Oil edged up on Wednesday, a day after it fell through $100 a barrel for the first time since April, while traders looked towards U.S. inflation data that could weaken the market.
U.S. West Texas Intermediate crude gained 28 cents, or 0.29%, to $95.94.
Investors have sold oil positions on worries that aggressive interest rate hikes to stem inflation will spur an economic downturn that will hit oil demand. Prices fell by more than 7% on Tuesday amid volatile trading.
A further concern is that U.S. interest rate rises in response to high inflation will push up the dollar, also undermining oil prices.
“Lingering recession fears continue to hit the market, whilst the strength of the USD and flare-up in Covid cases in parts of China is certainly not helping,” said Warren Patterson, head of commodities strategy at ING.
Stephen Innes, managing partner of SPI Asset Management, pointed to the expected release of possibly hot U.S. consumer price index data later on Wednesday.
Economists polled by Reuters expect the figures to show that U.S. inflation has accelerated, to 1.1% monthly and 8.8% annually.
Renewed COVID-19 travel curbs in China also weighed on the market. Multiple cities in the world’s second-biggest economy have adopted fresh restrictions, from business shutdowns to broader lockdowns, in an effort to rein in new infections from a highly infectious subvariant of the virus.
On Tuesday the dollar index, which tracks the currency against a basket of six counterparts, also climbed earlier in the day to 108.56, its highest level since October 2002.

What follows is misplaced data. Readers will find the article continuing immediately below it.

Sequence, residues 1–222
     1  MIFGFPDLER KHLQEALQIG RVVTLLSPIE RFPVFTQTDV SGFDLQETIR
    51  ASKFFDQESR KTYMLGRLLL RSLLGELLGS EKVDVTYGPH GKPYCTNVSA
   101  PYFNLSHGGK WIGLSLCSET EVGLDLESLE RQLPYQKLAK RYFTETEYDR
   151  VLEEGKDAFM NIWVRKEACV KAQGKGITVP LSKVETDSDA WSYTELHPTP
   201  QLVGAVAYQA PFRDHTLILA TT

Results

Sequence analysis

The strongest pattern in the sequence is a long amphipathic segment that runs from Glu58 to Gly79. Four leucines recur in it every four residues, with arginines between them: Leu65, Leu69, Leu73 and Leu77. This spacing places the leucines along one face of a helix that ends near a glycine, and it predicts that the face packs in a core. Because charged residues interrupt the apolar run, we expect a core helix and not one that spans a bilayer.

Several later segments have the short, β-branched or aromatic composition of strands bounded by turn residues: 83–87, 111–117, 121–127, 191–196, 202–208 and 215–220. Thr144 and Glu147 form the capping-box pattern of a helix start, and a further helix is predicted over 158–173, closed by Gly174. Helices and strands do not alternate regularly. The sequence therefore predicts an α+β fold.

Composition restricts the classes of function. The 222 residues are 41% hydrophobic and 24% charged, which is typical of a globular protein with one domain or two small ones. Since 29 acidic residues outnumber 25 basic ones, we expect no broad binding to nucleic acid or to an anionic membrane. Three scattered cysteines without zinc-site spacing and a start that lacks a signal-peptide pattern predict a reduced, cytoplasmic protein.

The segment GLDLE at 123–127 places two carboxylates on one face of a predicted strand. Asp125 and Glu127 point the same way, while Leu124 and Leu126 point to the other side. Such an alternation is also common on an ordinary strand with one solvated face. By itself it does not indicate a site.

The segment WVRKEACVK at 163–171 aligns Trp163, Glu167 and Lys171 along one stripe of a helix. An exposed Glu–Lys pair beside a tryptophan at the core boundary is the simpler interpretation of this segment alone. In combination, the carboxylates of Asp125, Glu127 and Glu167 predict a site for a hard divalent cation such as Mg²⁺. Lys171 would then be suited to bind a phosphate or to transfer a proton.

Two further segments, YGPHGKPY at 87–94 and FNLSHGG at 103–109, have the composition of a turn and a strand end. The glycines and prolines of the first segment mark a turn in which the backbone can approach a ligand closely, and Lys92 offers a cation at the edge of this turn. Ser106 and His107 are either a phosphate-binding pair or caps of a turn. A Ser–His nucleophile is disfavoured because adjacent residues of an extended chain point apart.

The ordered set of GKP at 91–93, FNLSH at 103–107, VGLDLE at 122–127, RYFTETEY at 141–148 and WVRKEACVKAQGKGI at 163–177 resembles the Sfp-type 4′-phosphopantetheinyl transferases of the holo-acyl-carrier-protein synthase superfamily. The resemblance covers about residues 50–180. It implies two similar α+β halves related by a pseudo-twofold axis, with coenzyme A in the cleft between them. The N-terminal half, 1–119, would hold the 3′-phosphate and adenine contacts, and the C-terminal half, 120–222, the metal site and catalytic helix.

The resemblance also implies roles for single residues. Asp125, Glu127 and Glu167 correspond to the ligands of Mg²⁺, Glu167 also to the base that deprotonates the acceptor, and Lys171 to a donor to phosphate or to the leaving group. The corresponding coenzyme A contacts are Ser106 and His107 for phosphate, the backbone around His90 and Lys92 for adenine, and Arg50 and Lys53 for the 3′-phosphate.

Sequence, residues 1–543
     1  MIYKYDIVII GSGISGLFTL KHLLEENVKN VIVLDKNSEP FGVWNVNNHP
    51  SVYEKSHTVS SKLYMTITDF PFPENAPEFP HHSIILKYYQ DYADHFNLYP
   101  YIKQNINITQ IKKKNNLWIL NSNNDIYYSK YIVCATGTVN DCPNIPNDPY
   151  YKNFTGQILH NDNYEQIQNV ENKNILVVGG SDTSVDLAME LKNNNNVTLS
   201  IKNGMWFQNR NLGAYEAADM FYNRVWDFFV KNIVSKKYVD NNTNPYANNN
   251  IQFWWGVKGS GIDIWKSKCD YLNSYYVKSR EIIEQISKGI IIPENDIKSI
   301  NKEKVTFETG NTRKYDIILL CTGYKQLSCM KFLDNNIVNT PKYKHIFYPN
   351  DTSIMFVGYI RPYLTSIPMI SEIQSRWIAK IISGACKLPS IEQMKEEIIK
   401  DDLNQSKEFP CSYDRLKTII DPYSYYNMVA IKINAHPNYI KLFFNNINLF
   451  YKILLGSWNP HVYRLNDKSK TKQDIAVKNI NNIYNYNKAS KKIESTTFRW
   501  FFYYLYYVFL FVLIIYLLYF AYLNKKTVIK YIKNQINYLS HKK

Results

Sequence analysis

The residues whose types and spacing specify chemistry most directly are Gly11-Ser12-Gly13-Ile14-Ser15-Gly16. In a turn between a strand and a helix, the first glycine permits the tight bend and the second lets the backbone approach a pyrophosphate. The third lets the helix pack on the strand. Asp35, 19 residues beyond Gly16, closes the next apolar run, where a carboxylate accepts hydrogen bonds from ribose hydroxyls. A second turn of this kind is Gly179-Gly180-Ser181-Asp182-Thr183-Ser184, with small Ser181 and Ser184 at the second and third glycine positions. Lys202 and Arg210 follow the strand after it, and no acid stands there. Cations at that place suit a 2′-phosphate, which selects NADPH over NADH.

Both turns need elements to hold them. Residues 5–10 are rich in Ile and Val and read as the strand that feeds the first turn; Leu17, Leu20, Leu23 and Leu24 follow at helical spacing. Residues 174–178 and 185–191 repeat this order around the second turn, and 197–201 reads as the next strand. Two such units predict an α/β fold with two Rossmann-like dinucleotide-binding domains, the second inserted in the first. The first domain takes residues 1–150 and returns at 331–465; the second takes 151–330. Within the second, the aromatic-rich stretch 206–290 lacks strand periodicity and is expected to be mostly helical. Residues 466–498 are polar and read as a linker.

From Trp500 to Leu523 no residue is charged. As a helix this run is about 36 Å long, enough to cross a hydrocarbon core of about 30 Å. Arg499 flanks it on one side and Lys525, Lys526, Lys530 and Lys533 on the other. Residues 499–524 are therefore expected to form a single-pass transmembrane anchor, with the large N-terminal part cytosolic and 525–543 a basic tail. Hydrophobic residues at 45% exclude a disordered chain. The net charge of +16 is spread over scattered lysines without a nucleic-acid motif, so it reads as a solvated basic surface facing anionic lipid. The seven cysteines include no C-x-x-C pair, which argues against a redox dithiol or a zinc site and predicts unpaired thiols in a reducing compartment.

Oil is generally priced in U.S. dollars, so a stronger greenback makes the commodity more expensive to holders of other currencies, putting downward pressure on demand and its dollar price.
U.S. crude stocks rose by about 4.8 million barrels for the week ended July 8. Gasoline inventories rose by 3 million barrels, while distillate stocks rose by about 3.3 million barrels, according to market sources citing American Petroleum Institute figures on Tuesday.
Meanwhile, market is closely watching U.S President Joe Biden’s visit in the Middle East, where he is expected to ask Saudi Arabia and other Gulf producers to raise oil output to help stabilise prices.
In a monthly report issued on Tuesday, OPEC expected that global oil demand to rise in 2023 and that the market would remain tight. It estimated that an additional 900,000 bpd of oil would be needed from its members in 2023 from 2022 to balance the market.